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SHAKESPEARE AND TRAGEDY Bevington, etal. SHAKESPEARE STAGE, SCREEN AND FILM, pp 497-499.

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Presentation on theme: "SHAKESPEARE AND TRAGEDY Bevington, etal. SHAKESPEARE STAGE, SCREEN AND FILM, pp 497-499."— Presentation transcript:

1 SHAKESPEARE AND TRAGEDY Bevington, etal. SHAKESPEARE STAGE, SCREEN AND FILM, pp

2 Defining tragedy Shakespeare’s career coincided with the revival of interest in the classics and renewed fascination with tragedy.

3 Aristotle and tragedy Aristotle theorized the genre by examining the Greek plays of the 5 th century, most notably OEDIPUS THE KING.

4 According to Aristotle… Tragic action must have a beginning, middle and end Must be of a certain magnitude Evoke pity and fear and by arousing emotions, purge them (catharsis) Tragic hero was an exceptional person Hero could not avoid fate Conflicts are resolved by the hero’s downfall and often the destruction of others Without exception, Shakespeare’s tragedies do end with the death of the protagonist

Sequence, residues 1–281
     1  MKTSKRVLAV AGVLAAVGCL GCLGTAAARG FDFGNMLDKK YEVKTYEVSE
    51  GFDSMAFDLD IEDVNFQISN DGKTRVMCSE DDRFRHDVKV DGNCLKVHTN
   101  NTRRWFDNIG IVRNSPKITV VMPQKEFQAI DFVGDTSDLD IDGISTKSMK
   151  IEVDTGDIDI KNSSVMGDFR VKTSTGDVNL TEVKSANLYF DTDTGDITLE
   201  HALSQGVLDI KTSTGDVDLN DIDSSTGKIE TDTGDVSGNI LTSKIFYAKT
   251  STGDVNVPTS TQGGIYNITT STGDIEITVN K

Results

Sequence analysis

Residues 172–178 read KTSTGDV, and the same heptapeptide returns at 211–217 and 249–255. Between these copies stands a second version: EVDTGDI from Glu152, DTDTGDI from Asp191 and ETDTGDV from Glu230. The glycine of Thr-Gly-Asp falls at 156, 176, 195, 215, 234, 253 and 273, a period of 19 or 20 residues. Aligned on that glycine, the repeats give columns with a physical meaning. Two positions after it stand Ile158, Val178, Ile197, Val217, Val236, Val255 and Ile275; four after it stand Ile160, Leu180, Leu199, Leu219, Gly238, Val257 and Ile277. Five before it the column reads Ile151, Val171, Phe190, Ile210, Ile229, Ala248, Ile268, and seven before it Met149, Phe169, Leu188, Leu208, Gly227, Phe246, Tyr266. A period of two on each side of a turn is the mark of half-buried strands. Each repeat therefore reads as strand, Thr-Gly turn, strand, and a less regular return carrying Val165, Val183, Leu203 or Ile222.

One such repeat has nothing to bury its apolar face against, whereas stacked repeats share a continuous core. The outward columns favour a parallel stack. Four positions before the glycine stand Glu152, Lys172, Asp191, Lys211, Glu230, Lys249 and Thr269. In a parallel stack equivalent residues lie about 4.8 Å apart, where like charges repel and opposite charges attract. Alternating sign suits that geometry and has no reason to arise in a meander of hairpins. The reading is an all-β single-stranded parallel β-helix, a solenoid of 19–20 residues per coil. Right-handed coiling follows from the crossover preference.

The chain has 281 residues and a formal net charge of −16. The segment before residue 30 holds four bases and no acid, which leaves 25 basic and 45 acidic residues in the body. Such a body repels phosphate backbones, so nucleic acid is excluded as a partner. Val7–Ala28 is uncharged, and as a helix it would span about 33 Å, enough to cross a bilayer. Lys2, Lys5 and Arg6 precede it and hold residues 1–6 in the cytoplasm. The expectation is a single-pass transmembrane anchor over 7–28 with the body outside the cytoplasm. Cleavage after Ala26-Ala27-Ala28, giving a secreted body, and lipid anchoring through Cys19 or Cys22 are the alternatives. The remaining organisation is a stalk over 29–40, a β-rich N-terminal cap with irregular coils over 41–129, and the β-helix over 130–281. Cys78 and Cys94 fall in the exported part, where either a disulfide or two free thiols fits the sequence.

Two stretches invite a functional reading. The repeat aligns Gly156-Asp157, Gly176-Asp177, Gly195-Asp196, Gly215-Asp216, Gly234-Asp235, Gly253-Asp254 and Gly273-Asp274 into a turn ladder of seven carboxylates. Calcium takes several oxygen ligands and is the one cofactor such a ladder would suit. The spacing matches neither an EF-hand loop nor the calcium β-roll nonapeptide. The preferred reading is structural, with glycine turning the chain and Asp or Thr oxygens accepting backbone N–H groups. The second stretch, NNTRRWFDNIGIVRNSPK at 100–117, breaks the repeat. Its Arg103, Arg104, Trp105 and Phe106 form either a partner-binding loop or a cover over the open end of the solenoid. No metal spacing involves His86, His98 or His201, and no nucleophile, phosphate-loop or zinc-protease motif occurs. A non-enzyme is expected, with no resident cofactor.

5 Defining Shakespearean Tragedy Shakespeare and his contemporaries did not model their work upon Greek models Their models were the Roman plays of Seneca that inspired early works like Gorboduc (1565) and The Spanish Tragedy (1592)

6 The English morality play The battle of good against evil as evidenced in the morality plays of the age before Shakespeare was another source of inspiration.

7 The Mirror for Magistrates The Mirror for Magistrates is a collection of English poems from the Tudor period by various authors which retell the lives and the tragic ends of various historical figures. It provides another source for Renaissance tragedies by Shakespeare and his contemporaries.

8 Shakespeare’s invention In comparison to the morality plays and the de causibus tradition (exemplified by The Mirror for Magistrates), Shakespeare’s tragedies are secular although the terms in which several of his heroes understand their suffering and death are recognizably Christian. Shakespeare departed from the Greeks in that they do not follow the classic unities of time, place and action Several of the tragedies are based upon historical or quasi-historical figures: King Lear, Macbeth and Hamlet. Romeo and Juliet and Othello are set in Italy.